Business World, 1 August 2016


The week of the 15th of July 2016 was made particularly joyous by the appearance of two blissful black swans. First, on that day was announced that two Pinoy high schoolers — Farrell Wu of Makati Gospel Church Academy and Kyle Dulay of the Philippine Science High School, bagged one gold medal each; and two others, Clyde Ang and Albert Patupat, bagged a silver medal each in the recently concluded International Math Olympiad (IMO) 2016 in Hong Kong. A gold medal in the Math Olympiad is only a stuff of dreams. Two golds and two silvers — would that we never wake up from the dream. For those of us operating in think space, this is bigger than a Pacquiao beating a Merryweather. Second, during the week, DU30 was reported to have told off an EU envoy who insisted on the Philippines’ strict abidance by its COP 21 commitment of a 70% reduction in its carbon footprint. His answer was “No.” This position he reiterated during his first SONA which I paraphrase: After you have achieved the pinnacle of development by burning of coal and polluting the earth’s atmosphere, you now want us to go “clean” and retard our own development? Both events, the two IMO golds and DU30’s “No” had one element in common: they are both cerebral cortex events. As the first is obvious, I would like to dwell on DU30’s “No.”

Ha-Joon Chang (2002) of Cambridge University in a controversial but celebrated volume Kicking Away the Ladder ridiculed the West’s imagined history of economic progress as anchored on free trade and laissez faire. His position is that when the USA and Great Britain were climbing the ladder of development, they were jealous practitioners of mercantilist policies using tariffs and other protective instruments to improve the prospect of their domestic industries. While there is some academic quibble about Chang’s reading of history or its placement of trade policy as central to the development project (e.g., Acemoglu and Robinson in a later more celebrated volume (2012) stopped at the Northian imperatives, viz., protection of property rights and enforcement of contracts as sine qua nons), it can be argued that laissez faire trade was the flagship advocacy of the World Bank and the International Monetary Fund in dying decades of the 20th century. What cannot be denied was that Great Britain and the USA embraced policies that they thought put the interest of the country first and that included mercantilistic protection for industries at home and an occasional use of gunboats to force potential markets into opening up to British woolens and Indian opium. Now that they have reached the heights, they would have late-comers eschew the policies (now denigrated in western Econ 141 textbooks as “beggar thy neighbor”) they once employed. They are “kicking away the ladder!”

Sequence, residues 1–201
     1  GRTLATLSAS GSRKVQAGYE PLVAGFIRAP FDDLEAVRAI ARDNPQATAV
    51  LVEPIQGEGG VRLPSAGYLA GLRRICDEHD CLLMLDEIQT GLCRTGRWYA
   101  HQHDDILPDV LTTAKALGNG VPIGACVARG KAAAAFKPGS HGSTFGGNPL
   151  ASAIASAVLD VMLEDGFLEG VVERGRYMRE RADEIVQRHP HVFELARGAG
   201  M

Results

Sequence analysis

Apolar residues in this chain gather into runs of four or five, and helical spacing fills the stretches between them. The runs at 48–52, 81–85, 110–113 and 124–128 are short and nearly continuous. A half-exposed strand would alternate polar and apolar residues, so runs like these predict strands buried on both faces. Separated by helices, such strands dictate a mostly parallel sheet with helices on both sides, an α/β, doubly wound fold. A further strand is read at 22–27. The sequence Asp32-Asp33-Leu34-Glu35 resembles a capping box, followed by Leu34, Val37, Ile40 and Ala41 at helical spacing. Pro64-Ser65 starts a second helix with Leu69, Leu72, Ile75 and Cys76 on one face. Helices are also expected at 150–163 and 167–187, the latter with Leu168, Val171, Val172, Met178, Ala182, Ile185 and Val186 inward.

DU30’s association with the left may have familiarized him with this narrative. But trade is only one arena where the “beggar thy neighbor” smokescreen rears its head.

Last week Indonesia was once again treated to withering attack from the west for executing four convicted drug criminals — a repeat of last year’s bashing when, over the deafening jeremiads from the West, President Widodo allowed the execution of eight convicted drug-traffickers. The spin favored in the West, as I observed then (see Fabella, May 2015) is Pisani’s (May 1, 2015, “Widodo’s Desperate Executions,” The New Yorker): “Widodo, however, is far too weak politically to have hesitated over these issues. He desperately needed to signal his strength at home, and he could most easily do that through the crack of the firing squad.” If you don’t act by the West’s values, you are weak if not in the head then in the polls. Conveniently forgotten is that at the same level of development, death by the noose or the ax was deemed natural and even biblical in the West. Expect a similar tsunami of denunciations when the Philippines reinstates the death penalty.

But how does Du30’s moral outburst make for a cerebral cortex event? The Philippines’ carbon footprint per capita (in metric tons) is the lowest and its renewables share the highest in East and East Asia (see Ravago et al., 2016). But even correcting for differential in current per income incomes, the Philippines’ is still the lowest. This is shown by Figure 1 (provided by Dr. Jeff Ducanes for a forthcoming paper):

This shows that our minuscule carbon footprint is not due to our neighbors being richer. It is due to poor development policy choices. Among countries with per capita incomes of PPP$5th-PPP$7th, the Philippines CO2 emission per capita is 5th of 11 countries. Predicted on GDP per capita, the Philippines per capita CO2 emission (0.86 tons) is only 61% of where it should be for an average country (1.4 tons), as is shown in Figure 2 (again thanks to Dr. Jeff Ducanes)!

We not only have income-poverty; we have power-poverty; and arguably the first poverty is due to the second. We can raise our carbon footprint 40% and still be a responsible global citizen!

Add the well-known fact that our renewables share (33%) in the fuel mix — already one of the highest in the world — it is not farfetched to conclude that reducing our carbon footprint would make no dent in global warning and would only raise the cost of power (already raised by 8 centavos per kWh since June 2016, thanks to fit-in tariff), thus exacerbating the power- and income-poverty. DU30’s “No” was not only forceful, it was eminently cerebral.

Indeed, it was a joyous week. Would that these blissful black swans turn white (and commonplace) in our future!